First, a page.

Managers have hard jobs. They coordinate the work of their teams, align this work with company goals, serve as a primary source of professional development for their employees, deliver results,…
At its most basic, productivity is the amount of value produced divided by the amount of cost (or time) required to do so. And while this equation seems simple enough on the surface, the strategies for optimizing it have evolved dramatically over the last two decades.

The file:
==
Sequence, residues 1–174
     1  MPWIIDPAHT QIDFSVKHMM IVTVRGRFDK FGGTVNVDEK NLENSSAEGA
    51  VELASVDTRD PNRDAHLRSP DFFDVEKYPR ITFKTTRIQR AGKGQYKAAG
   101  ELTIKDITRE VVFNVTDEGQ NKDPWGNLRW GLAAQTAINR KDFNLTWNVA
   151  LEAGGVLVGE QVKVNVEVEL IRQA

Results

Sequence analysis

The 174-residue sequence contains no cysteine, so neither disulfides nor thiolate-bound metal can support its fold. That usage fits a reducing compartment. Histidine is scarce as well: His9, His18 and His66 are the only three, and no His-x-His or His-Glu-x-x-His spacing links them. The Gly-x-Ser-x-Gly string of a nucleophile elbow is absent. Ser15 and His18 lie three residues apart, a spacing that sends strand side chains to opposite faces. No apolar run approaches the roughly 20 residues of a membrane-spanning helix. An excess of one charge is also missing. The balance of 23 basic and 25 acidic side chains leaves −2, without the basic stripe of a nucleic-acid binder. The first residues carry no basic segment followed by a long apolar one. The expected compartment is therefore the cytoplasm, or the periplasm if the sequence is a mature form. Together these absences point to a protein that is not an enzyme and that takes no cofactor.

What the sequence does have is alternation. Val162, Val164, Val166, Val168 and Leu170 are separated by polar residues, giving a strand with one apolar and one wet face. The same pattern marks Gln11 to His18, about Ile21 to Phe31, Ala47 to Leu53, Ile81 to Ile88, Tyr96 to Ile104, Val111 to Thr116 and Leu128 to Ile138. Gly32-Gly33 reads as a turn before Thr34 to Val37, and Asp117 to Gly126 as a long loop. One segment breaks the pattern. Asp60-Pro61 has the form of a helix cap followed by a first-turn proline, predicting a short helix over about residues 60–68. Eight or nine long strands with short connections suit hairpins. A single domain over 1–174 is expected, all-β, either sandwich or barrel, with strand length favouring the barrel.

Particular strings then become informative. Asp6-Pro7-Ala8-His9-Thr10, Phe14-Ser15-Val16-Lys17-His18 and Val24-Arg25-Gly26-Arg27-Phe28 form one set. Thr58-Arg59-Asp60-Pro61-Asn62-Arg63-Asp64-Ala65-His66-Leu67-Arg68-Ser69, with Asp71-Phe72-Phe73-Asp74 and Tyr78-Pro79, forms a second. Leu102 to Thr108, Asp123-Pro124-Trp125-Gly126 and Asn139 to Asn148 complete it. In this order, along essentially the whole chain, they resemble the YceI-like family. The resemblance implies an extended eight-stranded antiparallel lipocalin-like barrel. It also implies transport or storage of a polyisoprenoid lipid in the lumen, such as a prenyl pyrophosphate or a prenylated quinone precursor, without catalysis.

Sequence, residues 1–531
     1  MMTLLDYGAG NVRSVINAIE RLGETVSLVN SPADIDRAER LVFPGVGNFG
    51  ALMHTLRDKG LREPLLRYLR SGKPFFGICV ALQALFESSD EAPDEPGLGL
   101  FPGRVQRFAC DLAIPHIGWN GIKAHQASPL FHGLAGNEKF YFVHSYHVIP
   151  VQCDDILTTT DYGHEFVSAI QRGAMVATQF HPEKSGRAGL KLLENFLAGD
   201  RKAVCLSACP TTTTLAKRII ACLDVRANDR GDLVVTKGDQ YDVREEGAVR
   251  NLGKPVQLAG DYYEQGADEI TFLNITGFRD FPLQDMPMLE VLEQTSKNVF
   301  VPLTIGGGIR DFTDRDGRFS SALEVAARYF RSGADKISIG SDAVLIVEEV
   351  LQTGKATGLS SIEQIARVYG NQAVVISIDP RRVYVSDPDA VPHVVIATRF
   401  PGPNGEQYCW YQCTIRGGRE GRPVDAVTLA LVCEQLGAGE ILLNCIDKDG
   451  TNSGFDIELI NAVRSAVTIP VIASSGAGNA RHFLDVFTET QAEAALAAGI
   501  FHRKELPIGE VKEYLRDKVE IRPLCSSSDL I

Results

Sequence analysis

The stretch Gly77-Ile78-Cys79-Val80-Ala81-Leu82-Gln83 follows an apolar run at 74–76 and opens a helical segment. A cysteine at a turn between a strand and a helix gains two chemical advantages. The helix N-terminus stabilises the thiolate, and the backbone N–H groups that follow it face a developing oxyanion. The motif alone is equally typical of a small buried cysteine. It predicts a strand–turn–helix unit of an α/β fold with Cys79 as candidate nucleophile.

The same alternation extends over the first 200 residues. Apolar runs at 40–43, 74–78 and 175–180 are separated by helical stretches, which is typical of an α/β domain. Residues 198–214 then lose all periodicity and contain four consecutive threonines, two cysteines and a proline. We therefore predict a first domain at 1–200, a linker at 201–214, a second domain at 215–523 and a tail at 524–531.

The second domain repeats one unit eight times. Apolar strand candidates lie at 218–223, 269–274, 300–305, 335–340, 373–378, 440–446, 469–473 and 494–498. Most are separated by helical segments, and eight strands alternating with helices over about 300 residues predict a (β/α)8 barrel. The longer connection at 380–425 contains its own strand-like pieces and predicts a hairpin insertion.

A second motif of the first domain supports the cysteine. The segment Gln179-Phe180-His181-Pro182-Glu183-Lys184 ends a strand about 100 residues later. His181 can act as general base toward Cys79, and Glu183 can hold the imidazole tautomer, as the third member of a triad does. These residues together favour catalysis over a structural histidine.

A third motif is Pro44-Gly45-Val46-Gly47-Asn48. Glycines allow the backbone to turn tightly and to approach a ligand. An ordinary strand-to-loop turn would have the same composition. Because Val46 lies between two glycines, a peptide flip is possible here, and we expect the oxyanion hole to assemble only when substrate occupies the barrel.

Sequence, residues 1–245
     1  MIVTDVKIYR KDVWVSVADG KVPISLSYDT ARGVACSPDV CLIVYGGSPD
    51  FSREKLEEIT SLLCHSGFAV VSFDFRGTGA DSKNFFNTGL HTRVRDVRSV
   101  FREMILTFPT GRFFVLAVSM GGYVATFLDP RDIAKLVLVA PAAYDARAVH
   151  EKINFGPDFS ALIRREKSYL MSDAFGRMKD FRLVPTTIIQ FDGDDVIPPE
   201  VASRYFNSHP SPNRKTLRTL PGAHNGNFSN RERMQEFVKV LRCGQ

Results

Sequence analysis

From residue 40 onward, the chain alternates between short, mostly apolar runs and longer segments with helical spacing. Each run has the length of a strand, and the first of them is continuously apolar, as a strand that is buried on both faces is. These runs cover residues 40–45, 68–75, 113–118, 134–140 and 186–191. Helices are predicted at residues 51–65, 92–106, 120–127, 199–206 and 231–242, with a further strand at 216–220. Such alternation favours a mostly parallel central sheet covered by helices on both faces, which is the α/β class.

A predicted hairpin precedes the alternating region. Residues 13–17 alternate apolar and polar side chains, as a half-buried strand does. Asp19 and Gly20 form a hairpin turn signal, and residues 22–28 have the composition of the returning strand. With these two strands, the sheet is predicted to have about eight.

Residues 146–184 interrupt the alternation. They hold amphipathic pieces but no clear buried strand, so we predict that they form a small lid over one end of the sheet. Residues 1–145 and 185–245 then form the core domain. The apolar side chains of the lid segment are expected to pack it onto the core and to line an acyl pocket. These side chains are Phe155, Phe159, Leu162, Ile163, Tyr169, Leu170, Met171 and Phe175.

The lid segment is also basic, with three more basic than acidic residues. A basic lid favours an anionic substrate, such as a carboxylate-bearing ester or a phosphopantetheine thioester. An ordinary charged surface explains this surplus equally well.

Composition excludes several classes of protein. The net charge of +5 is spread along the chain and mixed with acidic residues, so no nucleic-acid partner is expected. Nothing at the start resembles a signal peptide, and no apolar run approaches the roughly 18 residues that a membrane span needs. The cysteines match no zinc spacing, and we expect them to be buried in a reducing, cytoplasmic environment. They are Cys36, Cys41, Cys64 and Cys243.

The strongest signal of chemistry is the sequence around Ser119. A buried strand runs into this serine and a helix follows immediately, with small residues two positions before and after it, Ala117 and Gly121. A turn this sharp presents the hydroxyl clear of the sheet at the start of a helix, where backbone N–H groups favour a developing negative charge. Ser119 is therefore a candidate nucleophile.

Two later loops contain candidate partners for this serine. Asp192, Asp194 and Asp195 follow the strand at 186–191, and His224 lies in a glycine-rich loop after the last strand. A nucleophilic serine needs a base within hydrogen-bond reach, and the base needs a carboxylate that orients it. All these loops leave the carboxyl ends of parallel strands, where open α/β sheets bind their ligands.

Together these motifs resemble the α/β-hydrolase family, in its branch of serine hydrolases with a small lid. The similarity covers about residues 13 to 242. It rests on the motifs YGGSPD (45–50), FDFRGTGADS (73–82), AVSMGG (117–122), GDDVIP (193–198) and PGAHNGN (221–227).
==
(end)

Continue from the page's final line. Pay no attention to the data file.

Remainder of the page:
Technology has enabled massive personal productivity gains — computers, spreadsheets, email, and other advances have made it possible for a knowledge worker to seemingly produce more in a day then was previously possible in a year. It’s tempting to conclude that, if individuals are able to perform their work much better and faster, overall productivity must be soaring.
This article was published onHARVARD BUSINESS REVIEW